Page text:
- Tablets: 0.25 mg, 0.5 mg, 1 mg, 2 mg
- Extended release tablets: 0.5 mg, 1 mg, 2 mg, 3 mg
- Orally disintegrating tablets: 0.25 mg, 0.5 mg, 1 mg, 2 mg
- Liquid (concentrate): 1 mg/ml
Generic name: alprazolam (al PRAY zoe lam)
All FDA black box warnings are at the end of this fact sheet. Please review before taking this medication.
What Is Alprazolam and What Does It Treat?
Alprazolam is a benzodiazepine. It is approved for the treatment of generalized anxiety disorder (GAD) and panic disorder with or without agoraphobia. However, benzodiazepines are also commonly used to treat difficulty sleeping and alcohol withdrawal.
Generalized Anxiety Disorder (GAD) occurs when a person experiences excessive anxiety or worry for at least six months. Other symptoms include:
- Fatigue (low energy, feeling tired all the time)
- Difficulty concentrating
- Muscle tension
- Sleep disturbance (difficulty falling asleep or waking up in the middle of the night)
Panic Disorder occurs when a person experiences unexpected and repeated episodes of intense fear. These episodes have physical symptoms including chest pain, shortness of breath, heart palpitations, sweating, dizziness, and nausea. Fear of future episodes is also part of panic disorder.
What Is The Most Important Information I Should Know About Alprazolam?
Do not drive a car or operate machinery until you know how this medication affects you because you may notice that you feel tired or dizzy.
When starting alprazolam, anxiety or insomnia may improve rapidly or over a period of days.
Benzodiazepines, such as alprazolam, are often used for short periods of time only. They may produce emotional and/or physical dependence (addiction) even when used as recommended. Only your healthcare provider can determine the length of treatment that is right for you.
Do not stop taking alprazolam without talking to your healthcare provider first. Stopping alprazolam abruptly may result in one or more of the following withdrawal symptoms: irritability, nausea, tremor, dizziness, blood pressure changes, rapid heart rate, and seizures.
The use of alprazolam with drugs like opioid medications has led to serious side effects including slowed and difficulty breathing and death. Opioid drugs are medications used to treat pain and include medications such as: codeine, oxycodone, morphine, and illegal drugs like heroin. Some opioid medications are also in cough syrup.
If you are taking alprazolam with an opioid medication, get medical assistance immediately if you feel dizziness or sleepiness, if you have slow or troubled breathing, or if you pass out. Caregivers must get medical help right away if a patient does not respond and does not wake up.
Avoid alcohol while taking this medication.
Are There Specific Concerns About Alprazolam and Pregnancy?
If you are planning on becoming pregnant, notify your healthcare provider to best manage your medications. People living with anxiety disorders who wish to become pregnant face important decisions. It is important to discuss this with your doctor and caregivers.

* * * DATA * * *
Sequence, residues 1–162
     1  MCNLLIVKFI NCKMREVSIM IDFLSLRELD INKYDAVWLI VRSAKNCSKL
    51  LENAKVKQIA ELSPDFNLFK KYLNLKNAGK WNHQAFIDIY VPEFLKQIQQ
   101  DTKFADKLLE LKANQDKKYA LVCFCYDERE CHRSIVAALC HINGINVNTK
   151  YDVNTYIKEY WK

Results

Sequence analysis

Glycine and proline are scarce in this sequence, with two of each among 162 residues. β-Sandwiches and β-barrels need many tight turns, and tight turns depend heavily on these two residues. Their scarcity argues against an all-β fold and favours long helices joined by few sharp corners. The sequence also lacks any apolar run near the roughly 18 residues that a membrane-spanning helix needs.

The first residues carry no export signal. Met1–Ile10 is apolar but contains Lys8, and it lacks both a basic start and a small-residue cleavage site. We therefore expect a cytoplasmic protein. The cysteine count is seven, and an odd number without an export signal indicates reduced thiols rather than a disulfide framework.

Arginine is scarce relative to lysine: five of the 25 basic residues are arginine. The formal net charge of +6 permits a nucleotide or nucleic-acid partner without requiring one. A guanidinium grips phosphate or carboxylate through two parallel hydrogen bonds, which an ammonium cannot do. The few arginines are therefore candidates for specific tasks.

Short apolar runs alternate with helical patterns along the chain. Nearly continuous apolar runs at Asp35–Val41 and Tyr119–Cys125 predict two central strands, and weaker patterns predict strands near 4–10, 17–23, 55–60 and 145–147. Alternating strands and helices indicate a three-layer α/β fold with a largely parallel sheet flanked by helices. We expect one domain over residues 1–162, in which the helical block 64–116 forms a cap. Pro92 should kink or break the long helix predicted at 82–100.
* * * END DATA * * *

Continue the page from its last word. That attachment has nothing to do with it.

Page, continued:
Regarding breastfeeding, caution is advised since alprazolam does pass into breast milk.
What Should I Discuss With My Healthcare Provider Before Taking Alprazolam?
- Symptoms of your condition that bother you the most
- If you have thoughts of suicide or harming yourself
- Medications you have taken in the past for your condition, whether they were effective or caused any adverse effects
- If you experience side effects from your medications, discuss them with your healthcare provider. Some side effects may pass with time, but others may require changes in the medication.
- Any other psychiatric or medical problems you have including obstructive sleep apnea
- All other medications you are currently taking (including over the counter products and herbal and nutritional supplements) and any medication allergies you have
- Other non-medication treatment you are receiving such as talk therapy or substance abuse treatment. Your provider can explain how these different treatments work with the medication
- If you are elderly or are prone to falls
- If you are pregnant, plan to become pregnant, or are breast-feeding
- If you drink alcohol or use drugs
How Should I Take Alprazolam?
Alprazolam may be taken with or without food. Take with food if you experience an upset stomach.
Alprazolam may be taken every day at regular times or on an as needed (“PRN”) basis. Typically, your healthcare provider will limit the number of doses you should take in one day.
Your healthcare provider will determine the dose and method of taking the medication that is right for you based upon your response.
Alprazolam orally disintegrating tablets must remain in their original packaging. Open the package with clean dry hands before each dose. Do not try to put tablets in a pillbox if you take the orally disintegrating tablets. Take the tablets right away, do not store for later use.